With fake news and the spread of misinformation on the rise, teaching young learners how to think about the world around them has never been more important.
Not only does critical and creative thinking allow children to respond to the environmental, social and economic pressures of the world we live in today, it is also a central component of effective learning.
While it sounds like an abstract concept, learning ‘how to think’ is something that can be taught — and has been a key research focus for Dr Ron Ritchhart, of Harvard University’s Project Zero initiative.
In 2008, Dr Ritchhart developed the revolutionary ‘Cultures of Thinking’ program, used by hundreds of schools across the globe.
This month, St Peter’s Woodlands was proud to become South Australia’s only ‘Cultures of Thinking’ school currently, kicking off our partnership by hosting Dr Ritchhart for a series of professional development sessions for staff.
Developing a culture of thinking at St Peter’s Woodlands
St Peter’s Woodlands’ Principal, Mrs Helen Finlay, has been a passionate advocate for the “transformational” impact of the Cultures of Thinking program since its inception.
“At its core, Cultures of Thinking is dedicated to teaching students ‘how to think’, and aims to improve learning and collaboration in the classroom by honing group and individual thinking processes,” she said.
“I came across the program back in 2008, when Project Zero was starting out.
“I undertook two days of professional development in Sydney about the program, which absolutely transformed my teaching.”
Cultures of Thinking has its origins at the prestigious Harvard University, which is known for being one of the top schools of education in the United States.
The program is based on the eight characteristics of true understanding.
“These characteristics include language, time, environment, opportunities, routines, modeling, interactions, and expectations,” Mrs Finlay said.
“Teachers then develop what we call ‘visible thinking routines’ to strengthen those areas within the map.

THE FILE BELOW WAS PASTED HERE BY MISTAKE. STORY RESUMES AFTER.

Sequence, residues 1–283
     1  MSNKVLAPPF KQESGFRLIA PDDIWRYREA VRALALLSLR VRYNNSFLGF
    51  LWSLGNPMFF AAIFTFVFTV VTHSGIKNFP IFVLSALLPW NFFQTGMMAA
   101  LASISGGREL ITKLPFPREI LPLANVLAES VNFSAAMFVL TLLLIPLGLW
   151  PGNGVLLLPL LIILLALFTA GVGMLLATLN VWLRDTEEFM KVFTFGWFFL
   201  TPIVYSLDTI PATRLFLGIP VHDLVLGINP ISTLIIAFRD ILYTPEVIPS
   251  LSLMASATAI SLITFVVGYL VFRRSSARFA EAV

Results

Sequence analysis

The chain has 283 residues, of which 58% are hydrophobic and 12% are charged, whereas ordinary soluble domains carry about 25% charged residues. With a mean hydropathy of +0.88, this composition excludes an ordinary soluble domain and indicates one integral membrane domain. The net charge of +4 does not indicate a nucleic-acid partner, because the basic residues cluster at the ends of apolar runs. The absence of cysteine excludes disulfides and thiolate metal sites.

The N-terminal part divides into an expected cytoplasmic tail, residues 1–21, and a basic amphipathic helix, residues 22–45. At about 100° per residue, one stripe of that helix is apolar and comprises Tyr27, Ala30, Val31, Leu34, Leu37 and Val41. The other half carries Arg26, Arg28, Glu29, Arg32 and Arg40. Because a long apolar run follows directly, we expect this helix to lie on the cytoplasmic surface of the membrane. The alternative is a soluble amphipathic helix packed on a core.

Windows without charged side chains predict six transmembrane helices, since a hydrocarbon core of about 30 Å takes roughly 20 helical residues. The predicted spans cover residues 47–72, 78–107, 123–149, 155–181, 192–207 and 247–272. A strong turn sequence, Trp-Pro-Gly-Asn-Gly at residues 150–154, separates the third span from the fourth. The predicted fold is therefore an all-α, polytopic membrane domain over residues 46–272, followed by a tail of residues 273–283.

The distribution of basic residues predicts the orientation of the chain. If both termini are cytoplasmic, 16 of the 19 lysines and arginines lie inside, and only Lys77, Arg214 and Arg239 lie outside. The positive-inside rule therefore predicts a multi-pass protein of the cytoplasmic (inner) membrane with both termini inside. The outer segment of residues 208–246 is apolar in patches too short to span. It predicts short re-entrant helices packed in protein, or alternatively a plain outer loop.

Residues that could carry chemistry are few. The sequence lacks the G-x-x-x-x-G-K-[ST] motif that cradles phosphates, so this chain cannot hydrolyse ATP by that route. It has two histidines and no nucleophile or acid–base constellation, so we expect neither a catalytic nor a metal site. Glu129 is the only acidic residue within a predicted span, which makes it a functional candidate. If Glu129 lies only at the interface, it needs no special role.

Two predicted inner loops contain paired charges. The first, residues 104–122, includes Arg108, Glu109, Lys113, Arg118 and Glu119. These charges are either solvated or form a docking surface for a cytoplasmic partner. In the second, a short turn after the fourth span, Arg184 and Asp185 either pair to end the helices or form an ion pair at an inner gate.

“As a result of using visible thinking routines, I personally noticed that my students became more engaged, better able to collaborate, they were persevering, critically evaluating, and grappling with new ideas and concepts.
“I loved that I could see kids making connections, and they were able to articulate their thinking.”
Making thinking ‘visible’ in the classroom
After undertaking professional development with Dr Ritchhart in June, reception to Year 6 teachers at St Peter’s Woodlands will be focusing on creating Cultures of Thinking in their classrooms.
This will be undertaken in a variety of ways, Mrs Finlay said.
“Our teachers will be making sure that the eight characteristics of true understanding are always present in our classrooms,” Mrs Finlay explained.
“To do this, they will use a variety of methods, including making time for thinking, developing and using a language of thinking, making the classroom environment rich with the documents of thinking processes, and making their own thinking visible, to name a few.”
In practice, parents can expect to see evidence of thinking routines in the classroom, as well as a richer dialogue among children.
“A Cultures of Thinking classroom has evidence of thinking routines plastered all over its walls; things like ‘I used to think, and now I think’,” she said.
“You’ll hear a richer dialogue; you’ll see children grappling and really thinking deeply about things – not just reciting facts.”
Creating powerful thinkers and learners
In education, there’s an old saying: ‘after students have left the school, it’s what’s left behind that’s the marker of education.’
With a focus on developing each childs’ critical thinking skills, the Cultures of Thinking program delivers lasting benefits for students.
Research has shown that cultures of thinking classrooms are more focused on thinking, learning, and understanding, and are more likely to be collaborative in nature than those of teachers not in the project.
“It’s developing a child’s ability to really think through things that’s a lasting quality,” Mrs Finlay said.
“The Cultures of Thinking program will help develop students’ curiosity, courageousness and open-mindedness, it’ll help them develop as autonomous thinkers and collaborative learners, as well as build tenacity.”
“We want to make our students powerful thinkers and learners.
“We want to create deep and meaningful learning, not surface learning.”
To learn more about the rich and varied education on offer at St Peter’s Woodlands, contact Ms Jo Gray, St Peter’s Woodlands Enrolments Manager.